A Man Turns 100,000 Plastic Bottles Into a Floating Island to Send a Message That Hurts

5 years ago

Experts say that during the past several decades we’ve produced 6.3 billion metric tons of plastic waste, only 9% of which went to recycling. In order to fight pollution and prevent a global disaster, we need to reuse and recycle much more waste than we do right now. Richart Sowa, an artist from England, showed the world a creative way to reuse plastic bottles, when he turned 100,000 of them into a beautiful floating island.

Here at Bright Side we find Richart’s project unusual and ambitious, and we’ve learned the story of his floating paradise, Joyxee Island.

The floating island project began when artist Richart Sowa realized that ever-lasting plastic bottles can serve as a good construction material.

It’s unbelievable, but a plastic bottle can take up to 450 years to decompose, which makes it a toxic waste for the environment, but also a very durable construction material. Richart Sowa, from England, is sure that using plastic bottles and other waste for building islands and expending land territories is our future.

The items that would otherwise be trash with no chance to ever get recycled could serve as a precious resource. “All the stuff that we don’t want, all that trash that we don’t really know what to do with, can actually solve the problems of the world,” says Richart.

The man used 100,000 plastic bottles to make his dream of living on a floating island a reality.

For building Joyxee Island, which is located next to the Mexican island of Isla Mujeres, Richart used 100,000 plastic bottles, some plywood, and wooden pallets that all keep the island afloat. The core of the island is made of plastic bottles put inside of nets, and what holds it all together are trees that spread their roots between the bottles.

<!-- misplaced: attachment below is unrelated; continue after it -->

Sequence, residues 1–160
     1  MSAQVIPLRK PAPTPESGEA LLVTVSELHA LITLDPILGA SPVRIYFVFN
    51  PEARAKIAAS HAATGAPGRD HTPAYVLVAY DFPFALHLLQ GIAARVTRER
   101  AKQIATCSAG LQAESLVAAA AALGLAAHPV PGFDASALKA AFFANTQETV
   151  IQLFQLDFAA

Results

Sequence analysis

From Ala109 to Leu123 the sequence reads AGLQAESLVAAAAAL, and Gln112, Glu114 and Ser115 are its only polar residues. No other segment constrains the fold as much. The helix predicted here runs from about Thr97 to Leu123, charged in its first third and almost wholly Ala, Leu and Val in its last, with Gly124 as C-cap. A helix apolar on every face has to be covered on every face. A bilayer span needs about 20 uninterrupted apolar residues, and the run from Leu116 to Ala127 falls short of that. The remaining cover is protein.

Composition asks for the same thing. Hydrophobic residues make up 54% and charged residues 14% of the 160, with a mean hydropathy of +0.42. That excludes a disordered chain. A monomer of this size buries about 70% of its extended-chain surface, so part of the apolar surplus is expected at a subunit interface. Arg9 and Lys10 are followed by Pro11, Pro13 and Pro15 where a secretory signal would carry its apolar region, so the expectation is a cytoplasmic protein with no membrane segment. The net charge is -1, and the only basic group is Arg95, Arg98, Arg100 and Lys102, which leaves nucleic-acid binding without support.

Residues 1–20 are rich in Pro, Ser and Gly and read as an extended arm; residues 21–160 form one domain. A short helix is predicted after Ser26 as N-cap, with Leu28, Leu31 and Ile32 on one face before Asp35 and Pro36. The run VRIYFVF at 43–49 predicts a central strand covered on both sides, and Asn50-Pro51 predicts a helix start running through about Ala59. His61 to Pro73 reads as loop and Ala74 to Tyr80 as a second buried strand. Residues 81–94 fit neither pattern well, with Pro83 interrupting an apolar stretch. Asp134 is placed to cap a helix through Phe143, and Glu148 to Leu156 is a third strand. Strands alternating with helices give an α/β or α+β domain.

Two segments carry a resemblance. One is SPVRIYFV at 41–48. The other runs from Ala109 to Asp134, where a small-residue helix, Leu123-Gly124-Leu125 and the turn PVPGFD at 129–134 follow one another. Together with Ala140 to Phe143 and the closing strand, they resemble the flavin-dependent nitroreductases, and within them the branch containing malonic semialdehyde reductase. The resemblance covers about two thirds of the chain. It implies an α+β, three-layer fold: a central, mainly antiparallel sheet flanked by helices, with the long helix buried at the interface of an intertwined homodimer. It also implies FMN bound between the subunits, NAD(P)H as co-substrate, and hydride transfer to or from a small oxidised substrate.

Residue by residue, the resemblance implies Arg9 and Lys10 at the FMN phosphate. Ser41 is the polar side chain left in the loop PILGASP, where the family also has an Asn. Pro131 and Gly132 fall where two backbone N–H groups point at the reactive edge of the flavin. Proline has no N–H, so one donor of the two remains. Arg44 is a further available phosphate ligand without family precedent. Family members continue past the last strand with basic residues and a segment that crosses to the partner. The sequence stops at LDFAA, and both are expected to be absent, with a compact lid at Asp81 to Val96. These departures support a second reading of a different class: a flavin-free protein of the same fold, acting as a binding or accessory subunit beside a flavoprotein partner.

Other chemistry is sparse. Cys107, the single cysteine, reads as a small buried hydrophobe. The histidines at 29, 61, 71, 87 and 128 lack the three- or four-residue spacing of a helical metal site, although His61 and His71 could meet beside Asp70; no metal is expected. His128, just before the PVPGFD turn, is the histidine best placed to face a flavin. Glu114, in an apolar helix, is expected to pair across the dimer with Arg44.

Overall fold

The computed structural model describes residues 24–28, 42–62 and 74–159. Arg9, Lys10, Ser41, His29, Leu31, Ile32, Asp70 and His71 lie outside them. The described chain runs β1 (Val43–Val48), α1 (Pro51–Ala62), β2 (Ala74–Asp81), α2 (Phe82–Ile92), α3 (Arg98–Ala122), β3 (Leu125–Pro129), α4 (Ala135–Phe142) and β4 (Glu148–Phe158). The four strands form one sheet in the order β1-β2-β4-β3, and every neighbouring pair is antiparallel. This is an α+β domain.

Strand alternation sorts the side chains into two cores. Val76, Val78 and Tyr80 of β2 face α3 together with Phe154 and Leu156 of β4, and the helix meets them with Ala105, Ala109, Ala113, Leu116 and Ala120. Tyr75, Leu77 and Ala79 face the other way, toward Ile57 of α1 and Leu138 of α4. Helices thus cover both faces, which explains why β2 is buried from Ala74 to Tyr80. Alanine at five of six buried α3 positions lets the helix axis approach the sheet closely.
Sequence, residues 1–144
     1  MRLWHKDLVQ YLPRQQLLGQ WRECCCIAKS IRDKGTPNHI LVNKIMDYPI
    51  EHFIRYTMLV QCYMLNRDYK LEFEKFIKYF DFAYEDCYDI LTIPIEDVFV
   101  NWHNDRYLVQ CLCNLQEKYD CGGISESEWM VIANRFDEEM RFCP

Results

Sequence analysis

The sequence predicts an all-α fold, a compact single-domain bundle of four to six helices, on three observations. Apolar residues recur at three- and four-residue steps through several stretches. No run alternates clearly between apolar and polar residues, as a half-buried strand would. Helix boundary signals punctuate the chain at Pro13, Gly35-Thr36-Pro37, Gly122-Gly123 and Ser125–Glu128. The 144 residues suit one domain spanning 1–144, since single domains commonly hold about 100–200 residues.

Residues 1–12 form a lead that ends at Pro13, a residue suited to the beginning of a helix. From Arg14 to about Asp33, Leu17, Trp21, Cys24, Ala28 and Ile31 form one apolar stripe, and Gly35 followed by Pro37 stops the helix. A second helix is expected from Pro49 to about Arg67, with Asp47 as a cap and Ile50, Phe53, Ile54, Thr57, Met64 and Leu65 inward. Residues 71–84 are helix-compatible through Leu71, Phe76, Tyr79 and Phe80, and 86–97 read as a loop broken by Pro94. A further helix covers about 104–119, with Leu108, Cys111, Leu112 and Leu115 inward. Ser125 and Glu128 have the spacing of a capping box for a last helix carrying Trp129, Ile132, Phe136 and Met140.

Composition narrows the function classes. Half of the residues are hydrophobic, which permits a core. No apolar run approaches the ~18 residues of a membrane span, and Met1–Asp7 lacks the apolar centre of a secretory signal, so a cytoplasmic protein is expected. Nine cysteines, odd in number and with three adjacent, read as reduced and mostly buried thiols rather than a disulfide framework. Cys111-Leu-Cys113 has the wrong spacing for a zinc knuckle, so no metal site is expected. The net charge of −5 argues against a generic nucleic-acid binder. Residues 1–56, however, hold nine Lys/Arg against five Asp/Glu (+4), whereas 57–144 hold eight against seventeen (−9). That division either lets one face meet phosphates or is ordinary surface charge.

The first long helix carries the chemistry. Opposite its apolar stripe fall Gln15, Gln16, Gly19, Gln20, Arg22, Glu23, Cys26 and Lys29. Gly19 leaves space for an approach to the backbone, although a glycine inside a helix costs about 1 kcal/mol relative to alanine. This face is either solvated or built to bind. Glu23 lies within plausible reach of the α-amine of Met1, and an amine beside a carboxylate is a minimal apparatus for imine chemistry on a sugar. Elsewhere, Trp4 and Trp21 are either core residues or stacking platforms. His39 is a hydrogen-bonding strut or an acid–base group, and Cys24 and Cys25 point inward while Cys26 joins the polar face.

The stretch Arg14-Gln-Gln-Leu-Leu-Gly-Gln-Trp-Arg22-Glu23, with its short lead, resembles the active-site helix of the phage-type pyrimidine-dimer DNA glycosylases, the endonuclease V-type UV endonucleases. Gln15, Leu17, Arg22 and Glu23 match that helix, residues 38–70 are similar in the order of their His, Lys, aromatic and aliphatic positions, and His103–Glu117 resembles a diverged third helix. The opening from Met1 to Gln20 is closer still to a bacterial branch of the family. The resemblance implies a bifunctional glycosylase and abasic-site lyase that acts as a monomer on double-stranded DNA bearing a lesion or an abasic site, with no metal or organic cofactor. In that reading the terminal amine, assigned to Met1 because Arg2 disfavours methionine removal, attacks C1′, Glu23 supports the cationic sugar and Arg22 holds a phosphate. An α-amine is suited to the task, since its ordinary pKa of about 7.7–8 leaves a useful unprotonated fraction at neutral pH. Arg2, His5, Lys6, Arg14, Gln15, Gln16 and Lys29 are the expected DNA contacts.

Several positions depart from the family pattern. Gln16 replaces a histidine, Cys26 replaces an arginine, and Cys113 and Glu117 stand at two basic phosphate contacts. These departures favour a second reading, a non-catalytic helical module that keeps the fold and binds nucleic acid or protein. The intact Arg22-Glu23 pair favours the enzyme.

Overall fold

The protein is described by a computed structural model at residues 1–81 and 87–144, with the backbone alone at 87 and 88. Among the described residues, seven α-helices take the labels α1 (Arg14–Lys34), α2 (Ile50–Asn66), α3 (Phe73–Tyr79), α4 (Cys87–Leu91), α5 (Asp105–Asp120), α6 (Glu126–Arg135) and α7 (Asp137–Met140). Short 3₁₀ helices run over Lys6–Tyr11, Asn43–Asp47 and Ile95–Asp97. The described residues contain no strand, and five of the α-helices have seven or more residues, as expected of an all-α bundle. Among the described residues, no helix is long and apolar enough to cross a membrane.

On Richart’s island nothing actually goes into the trash, and he uses all kinds of waste to improve his project. He puts plastic and glass bottles, tin cans, and other trash inside the bags and uses them to “lift” the island. He puts the bags with trash on the island surface and covers them with a layer of soil for plants to grow.

One of the best things about Richart’s floating island is that it can be moved to any other point with the help of sails or a boat. The island is also very self-sufficient. You can grow fruit, vegetables, and herbs there, the house is equipped with an air-conditioner, refrigerator, and other household appliances that are powered by solar panels.

In this video, Richart gives a detailed tour around his beautiful island and cozy eco-friendly home, once again sending a message to humanity: we should stop polluting the planet before it’s too late.

The island has suffered after storms several times, but Richart is not going to give up.

Joyxee Island is actually the second island Richart has built. His first floating island, Spiral Island, was built in 1998, but was destroyed by Hurricane Emily in 2005. Richart spent the next several years collecting empty plastic bottles for his next project, Joyxee Island, which he completed in 2008. Sadly, in the beginning of 2019 Joyxee Island suffered during a storm, and its edges became loose.

But Richart Sowa is determined to keep his project alive and afloat, and he plans to fix the edges this year and open his renewed and improved island to the public. The artist was also invited to build 3 more floating islands by an ecological group, so in the near future we may see even more paradise islands made of bottles that would otherwise go into the trash.

What do you think of Richart’s idea to use empty bottles as a construction material? Would you like to live on such an island yourself?


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I think it's better to recycle these bottles, instead of letting them float..


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